So you had a bad day…

And then it got worse because you couldn’t remember the rest of the words to that song so you YouTube’d it and then it got stuck in your head. Anyway.

Everyone has bad days. They usually start with accidentally turning off your alarm instead of snoozing, spilling your tea and losing your car keys before 8.30am. When you’re not very well in the mental health area a bad day can make quite an impression. When you’re already feeling like you’re treading water trying to keep afloat a bad day is, for want of a better description, really very shit.

It can be anything from a bad couple of hours, to an entire awful day which is shitty from the moment you wake up to when you eventually manage to fall asleep. Sometimes it’s a few of those days in a row. The important thing to remember is that a bad day is just that, it’s just a day, 24 hours and it’s gone. You can make a fresh start on tomorrow. I have to remind myself not to get too involved with the bad days. You have to have them, conclude that they’re shit, and let them go.

At its best, a bad day for me consists of not being able to do anything useful. That can vary from the usual ‘can’t be bothered’ to the kind of not being able to do anything that requires a huge amount of effort to not hibernate in bed for the entire day, and you have to write ‘make dinner, eat dinner’ on a list so you make yourself do it. One of those days are what I call ‘faffing days’ – I can’t get a cohesive thought in my brain, I float around the house with no purpose except my brain churning out around 4 million stupid thoughts a second. I’m too distracted to do anything useful, and spend the day wandering aimlessly around feeling useless.

At its worst, a bad day results in about 5 hours of Netflix and maybe some sleeping. I can’t do anything! Not just anything useful, but actually anything. I sometimes write down what’s going on in my head when I’m in a rut like that, and looking back there’s quite often something like “I got so anxious that I couldn’t move”. If I let myself get involved with the bad day then the usual ‘what ifs’ begin – what if it’s like this forever, what if I never get better, what if everyday is bad, what if I accidentally chop my finger off while I’m cutting up this apple, what if this cat scratch kills me, what if my bedroom stays magnolia forever because I never get round to painting it. Gross.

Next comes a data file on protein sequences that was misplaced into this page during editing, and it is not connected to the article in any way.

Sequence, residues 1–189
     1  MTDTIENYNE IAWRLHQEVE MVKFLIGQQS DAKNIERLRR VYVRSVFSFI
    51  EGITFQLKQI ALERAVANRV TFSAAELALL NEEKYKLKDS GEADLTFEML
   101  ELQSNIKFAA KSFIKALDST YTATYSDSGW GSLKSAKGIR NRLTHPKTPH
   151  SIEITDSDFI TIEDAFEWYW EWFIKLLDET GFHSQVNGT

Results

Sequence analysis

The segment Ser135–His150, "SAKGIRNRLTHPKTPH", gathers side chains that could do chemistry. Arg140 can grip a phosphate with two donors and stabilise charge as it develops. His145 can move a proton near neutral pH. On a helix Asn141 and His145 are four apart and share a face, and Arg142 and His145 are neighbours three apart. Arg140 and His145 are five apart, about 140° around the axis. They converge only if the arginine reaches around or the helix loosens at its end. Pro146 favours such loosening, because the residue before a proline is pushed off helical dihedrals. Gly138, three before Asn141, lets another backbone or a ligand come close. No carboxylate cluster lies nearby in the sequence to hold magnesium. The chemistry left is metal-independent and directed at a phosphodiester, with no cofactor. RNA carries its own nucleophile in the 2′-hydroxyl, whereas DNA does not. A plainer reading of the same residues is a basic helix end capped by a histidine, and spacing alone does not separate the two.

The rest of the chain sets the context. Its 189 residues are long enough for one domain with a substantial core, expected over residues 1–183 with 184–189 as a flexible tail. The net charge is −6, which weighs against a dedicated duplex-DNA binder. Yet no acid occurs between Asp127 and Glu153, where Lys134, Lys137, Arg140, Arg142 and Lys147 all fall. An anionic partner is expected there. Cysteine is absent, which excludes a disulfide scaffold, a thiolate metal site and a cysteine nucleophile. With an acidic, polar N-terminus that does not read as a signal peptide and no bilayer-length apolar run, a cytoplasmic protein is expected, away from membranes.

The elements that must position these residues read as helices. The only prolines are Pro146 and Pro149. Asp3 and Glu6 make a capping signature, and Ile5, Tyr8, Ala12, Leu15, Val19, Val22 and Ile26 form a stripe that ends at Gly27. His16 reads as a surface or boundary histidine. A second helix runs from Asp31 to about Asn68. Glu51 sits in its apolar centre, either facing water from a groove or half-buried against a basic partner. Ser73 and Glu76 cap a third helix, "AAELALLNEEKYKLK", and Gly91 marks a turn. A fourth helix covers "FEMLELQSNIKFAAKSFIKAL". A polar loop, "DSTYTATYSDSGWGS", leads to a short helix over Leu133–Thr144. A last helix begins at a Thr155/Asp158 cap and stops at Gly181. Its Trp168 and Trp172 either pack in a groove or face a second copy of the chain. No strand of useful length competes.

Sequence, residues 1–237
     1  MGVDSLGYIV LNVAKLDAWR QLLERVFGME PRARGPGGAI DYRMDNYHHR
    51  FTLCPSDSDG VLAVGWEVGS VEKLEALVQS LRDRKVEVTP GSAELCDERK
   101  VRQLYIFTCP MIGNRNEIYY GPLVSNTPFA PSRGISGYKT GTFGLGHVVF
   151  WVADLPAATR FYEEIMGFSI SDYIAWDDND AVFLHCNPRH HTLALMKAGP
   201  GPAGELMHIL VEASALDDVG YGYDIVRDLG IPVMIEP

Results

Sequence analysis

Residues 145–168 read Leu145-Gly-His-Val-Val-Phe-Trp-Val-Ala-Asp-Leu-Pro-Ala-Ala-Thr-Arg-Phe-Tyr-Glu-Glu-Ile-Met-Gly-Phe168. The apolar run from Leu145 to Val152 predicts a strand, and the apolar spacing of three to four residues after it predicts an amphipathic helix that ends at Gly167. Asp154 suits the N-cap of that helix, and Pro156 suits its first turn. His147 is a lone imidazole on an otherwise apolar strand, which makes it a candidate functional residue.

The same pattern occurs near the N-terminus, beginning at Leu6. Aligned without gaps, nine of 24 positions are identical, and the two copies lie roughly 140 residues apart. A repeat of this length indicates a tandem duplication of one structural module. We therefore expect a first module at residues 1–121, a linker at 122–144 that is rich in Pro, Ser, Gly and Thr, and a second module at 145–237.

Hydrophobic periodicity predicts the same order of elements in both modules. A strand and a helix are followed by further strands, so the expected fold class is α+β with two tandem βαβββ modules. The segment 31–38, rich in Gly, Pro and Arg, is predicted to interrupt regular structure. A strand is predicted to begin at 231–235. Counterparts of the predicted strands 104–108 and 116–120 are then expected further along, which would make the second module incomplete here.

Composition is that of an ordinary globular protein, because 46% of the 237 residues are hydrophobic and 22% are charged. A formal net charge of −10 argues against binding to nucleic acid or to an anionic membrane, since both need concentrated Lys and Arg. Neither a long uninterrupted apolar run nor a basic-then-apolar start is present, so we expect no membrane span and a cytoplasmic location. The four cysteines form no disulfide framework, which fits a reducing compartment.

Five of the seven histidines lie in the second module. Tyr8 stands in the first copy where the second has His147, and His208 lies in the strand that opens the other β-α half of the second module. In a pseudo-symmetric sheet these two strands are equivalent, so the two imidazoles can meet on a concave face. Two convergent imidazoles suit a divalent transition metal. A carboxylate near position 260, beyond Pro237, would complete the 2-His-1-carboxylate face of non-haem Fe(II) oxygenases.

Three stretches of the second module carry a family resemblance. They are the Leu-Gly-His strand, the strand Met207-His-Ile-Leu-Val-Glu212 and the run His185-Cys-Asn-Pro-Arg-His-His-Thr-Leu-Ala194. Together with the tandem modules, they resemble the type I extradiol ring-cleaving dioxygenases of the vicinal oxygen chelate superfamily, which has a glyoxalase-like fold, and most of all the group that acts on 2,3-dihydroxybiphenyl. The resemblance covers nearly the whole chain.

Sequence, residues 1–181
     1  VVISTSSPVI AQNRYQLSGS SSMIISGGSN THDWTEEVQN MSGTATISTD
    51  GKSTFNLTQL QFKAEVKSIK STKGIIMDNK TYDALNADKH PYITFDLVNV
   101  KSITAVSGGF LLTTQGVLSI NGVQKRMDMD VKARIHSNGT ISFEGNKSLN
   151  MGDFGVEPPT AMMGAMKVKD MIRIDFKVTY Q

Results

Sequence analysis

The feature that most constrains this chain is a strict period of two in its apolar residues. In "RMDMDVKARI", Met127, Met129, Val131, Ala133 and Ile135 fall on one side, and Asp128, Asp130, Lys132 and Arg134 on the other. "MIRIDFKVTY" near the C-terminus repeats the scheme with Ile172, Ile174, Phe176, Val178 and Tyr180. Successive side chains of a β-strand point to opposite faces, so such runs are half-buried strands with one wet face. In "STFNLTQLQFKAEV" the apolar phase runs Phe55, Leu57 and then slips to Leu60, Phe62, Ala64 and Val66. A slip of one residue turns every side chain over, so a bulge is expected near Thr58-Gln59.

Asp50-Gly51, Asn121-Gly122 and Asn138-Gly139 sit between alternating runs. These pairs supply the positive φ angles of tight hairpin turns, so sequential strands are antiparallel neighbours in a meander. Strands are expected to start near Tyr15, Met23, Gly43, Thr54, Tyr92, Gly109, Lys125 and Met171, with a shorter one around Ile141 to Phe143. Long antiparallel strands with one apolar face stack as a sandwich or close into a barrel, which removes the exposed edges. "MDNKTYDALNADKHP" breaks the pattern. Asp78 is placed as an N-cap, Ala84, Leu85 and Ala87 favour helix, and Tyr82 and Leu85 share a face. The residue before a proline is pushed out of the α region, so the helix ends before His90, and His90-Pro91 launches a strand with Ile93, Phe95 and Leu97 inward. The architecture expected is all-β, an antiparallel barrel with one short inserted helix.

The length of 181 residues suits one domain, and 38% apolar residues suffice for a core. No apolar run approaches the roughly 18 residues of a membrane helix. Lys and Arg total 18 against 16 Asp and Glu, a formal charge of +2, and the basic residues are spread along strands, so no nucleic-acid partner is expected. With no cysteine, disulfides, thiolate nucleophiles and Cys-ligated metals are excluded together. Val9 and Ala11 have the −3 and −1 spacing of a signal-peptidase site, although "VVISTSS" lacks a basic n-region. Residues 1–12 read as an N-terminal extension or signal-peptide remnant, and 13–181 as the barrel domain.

The ‘what ifs’ are what you want to avoid. I’ve had a fair bit of practice at bad days now. I have to catch them, see them for what they are and try not to get mixed up in working out why they’re happening or what to do to stop them. They have to just happen and you deal with them the best you can.


Here are some of the things that happen on a ‘bad day’

The whole “I got so anxious that I couldn’t move” thing – That used to be a common occurrence when I first had really bad anxiety. I used to freeze all the time, petrified at doing anything that wasn’t exactly what I was doing. It’s not very practical!

Getting completely overwhelmed – This one’s really annoying because it sort of comes out of nowhere and you just get really well, overwhelmed! There’s this sense of huge pressure and all the things you think you couldn’t cope with and you get overwhelmed by everything; global warming, Donald Trump, the pay gap, people dying of cancer, the fact that there’s only one banana left in the house, your favourite character just got murdered in Sons of Anarchy, you need to put some washing in, and you don’t know what you want to drink. So this one sometimes results in the “I got so anxious that I couldn’t move” thing. The other day I realised I’d been sat on the stairs for half an hour because I couldn’t face either going up or down them.

anxiety swallowing!

I will stick my head in the sand – like a prize ostrich I will pretend the world and all responsibilities don’t exist. The house may be about to burn down and I probably wouldn’t care. The world might be about to end and I’d have a genuine dilemma over pausing Netflix. If I have things to do, in fact anything important is even worse, I will not be doing it. If someone MAKES me do it on a day like this, chances are it won’t end well for them. I can be a complete bitch in these circumstances. I know that everyone has days like these, but there are days like this where you can, if you make the effort, snap out of it and get your head out of the dunes and get on with it. I can’t. The sand may as well be concrete because it ain’t happening. (Luckily my family are pretty aware that these days happen).

My brain goes off on one – by this I mean it seems to gain a complete mind of its own (ironic) and races entirely beyond my control. My thoughts race and I CAN NOT stop them. It feels as useless as trying to stop a wave. That’s the point though; you have to let them wash over you and give up trying to stop them and pay them no attention. But when they’re coming at you, a million a second, each one more ridiculous and real and scary than the last.. it’s tough! I feel like that time I got caught under a wave in Biarritz; they toss and turn and drown you until eventually you find your way to the surface and come out coughing and spluttering and feeling battered and suffocated, and missing half your bikini… it’s feckin horrid.

just my mind












Connected to the racing thoughts etc, I retreat inside my own head and it’s not good. You start to take those stupid, ridiculous and scary thoughts seriously and you feel like you’re looking out on the world from a little bubble as it passes you by. Not good.

I will cry over dinner – usually as a result of feeling overwhelmed and the racing thoughts, but sometimes entirely separate. I don’t know why it’s always dinner, I don’t think I find food particularly tear jerking but there we go. You just can’t explain some of these things! This hasn’t happened for a while actually but I know that Rhys used to enjoy hearing what food I was crying over that day!

There are a whole host of physical things that can happen on a bad day, mostly it’s these –

I feel dizzy, which comes from panic attacks usually.

I feel kind of cross eyed, which sounds really odd but it’s the closest description. Sort of a mixture of being cross eyed and double vision; it’s unpleasant and enough to make anyone think they’re going mad!

I feel like my feet aren’t on the ground; again that’s a really weird description but it’s the best way to describe the fact that I don’t feel ‘grounded’ and particularly ‘with it’. It’s like you haven’t got your feet on solid ground, like you’re walking on uneven ground, like a particularly muddy field full of rabbit holes.